What a fish rotting from the head down looks like: Hillary Clinton's no-secrets State Department
Wonder what a country without secrets looks like? Take a look at the State Department, home of Hillary Clinton's illegal private email operation, which had a lot more than just that doozy as a security violation. Turns out there were nearly two dozen violations, suggesting that maybe there was a problem of tone at the top. Apparently, no one kept national security secrets at Hillary Clinton's State Department, judging by the widespread number of violations now getting out.
Sara Carter has the scoop:
In a letter to Iowa Republican Sen. Chuck Grassley, the State Department revealed that it has identified "multiple security incidents" involving current or former employees' handling of Hillary Clinton's emails, and that 23 "violations" and seven "infractions" have been issued as part of the department's ongoing investigation.
"To this point, the Department has assessed culpability to 15 individuals, some of whom were culpable in multiple security incidents," Mary Elizabeth Taylor, the State Department's Assistant Secretary in the Bureau of Legislative Affairs, wrote to Grassley. "DS has issued 23 violations and 7 infractions incidents. … This number will likely change as the review progresses."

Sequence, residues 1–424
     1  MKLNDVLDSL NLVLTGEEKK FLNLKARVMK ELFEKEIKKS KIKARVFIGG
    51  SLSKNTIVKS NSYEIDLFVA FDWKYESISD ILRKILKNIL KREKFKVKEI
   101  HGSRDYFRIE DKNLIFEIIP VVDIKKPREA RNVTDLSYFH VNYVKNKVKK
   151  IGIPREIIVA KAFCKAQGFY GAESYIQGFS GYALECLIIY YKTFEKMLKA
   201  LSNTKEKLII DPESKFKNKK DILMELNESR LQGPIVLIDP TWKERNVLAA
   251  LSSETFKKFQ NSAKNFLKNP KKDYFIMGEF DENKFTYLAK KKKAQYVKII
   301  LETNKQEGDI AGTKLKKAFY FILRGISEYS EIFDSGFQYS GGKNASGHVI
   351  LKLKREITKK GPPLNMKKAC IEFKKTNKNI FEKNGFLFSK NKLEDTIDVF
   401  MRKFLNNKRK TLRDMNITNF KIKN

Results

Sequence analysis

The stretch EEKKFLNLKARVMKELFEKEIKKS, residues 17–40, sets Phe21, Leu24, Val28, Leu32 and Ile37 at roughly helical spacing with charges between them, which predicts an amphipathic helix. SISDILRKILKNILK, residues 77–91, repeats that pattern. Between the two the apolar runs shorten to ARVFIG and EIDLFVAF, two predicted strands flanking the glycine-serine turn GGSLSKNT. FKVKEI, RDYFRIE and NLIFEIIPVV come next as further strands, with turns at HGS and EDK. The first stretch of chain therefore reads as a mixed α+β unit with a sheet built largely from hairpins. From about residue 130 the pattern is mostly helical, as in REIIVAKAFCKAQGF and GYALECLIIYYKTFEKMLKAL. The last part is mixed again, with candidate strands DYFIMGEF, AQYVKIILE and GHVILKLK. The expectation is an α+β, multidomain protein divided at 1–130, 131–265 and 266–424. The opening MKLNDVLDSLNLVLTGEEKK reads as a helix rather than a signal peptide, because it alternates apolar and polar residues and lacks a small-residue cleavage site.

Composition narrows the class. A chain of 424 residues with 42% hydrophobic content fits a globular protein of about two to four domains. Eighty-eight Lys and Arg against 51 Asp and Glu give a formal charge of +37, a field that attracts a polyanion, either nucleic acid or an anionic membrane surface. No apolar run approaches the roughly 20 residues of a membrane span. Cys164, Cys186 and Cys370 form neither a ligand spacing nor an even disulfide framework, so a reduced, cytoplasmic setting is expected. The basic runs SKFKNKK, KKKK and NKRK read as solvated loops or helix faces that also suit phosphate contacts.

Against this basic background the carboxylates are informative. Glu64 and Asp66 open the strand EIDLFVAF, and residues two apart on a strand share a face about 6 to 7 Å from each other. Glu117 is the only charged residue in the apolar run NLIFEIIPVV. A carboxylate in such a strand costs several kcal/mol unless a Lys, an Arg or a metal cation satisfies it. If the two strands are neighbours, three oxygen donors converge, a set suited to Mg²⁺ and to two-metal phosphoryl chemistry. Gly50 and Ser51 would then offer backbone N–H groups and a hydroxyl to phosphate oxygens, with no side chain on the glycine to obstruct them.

"In every instance in which the Department found an individual to be culpable of a valid security violation or three or more infractions, the Department forwarded the outcome to the Bureau of Diplomatic Security's Office of Personnel Security and Suitability (DS/PSS), to be placed in the individuals' official security file," Taylor wrote. "All valid security incidents are reviewed by DS and taken into account every time an individual's eligibility for access to classified information is considered.
Obviously, none of these people considered national security secrets terribly important. And if Putin, or China, could get his hands on them, well, so what?
Secrets and security clearances, see, were status symbols, not a burden of responsibility linked to protecting America. And if Ben Rhodes could get a security clearance, who the heck couldn't, and why would it matter what one does to determine one's merit for security clearances?
A slew of violations this widespread signals a slovenly security atmosphere, one where anyone could be as sloppy as he liked, and never mind about protecting the country. So many of Clinton's minions at State were her political partisans, of course, meaning they took their cues from the top. Well, we now see what cues they took.
Maybe Hillary Clinton's inability to keep a secret — or, more specifically, her prioritization of her own political good over the disciplined process required to have a national security system worth anything — stretched much farther than just the famous bathroom server she kept on the sly.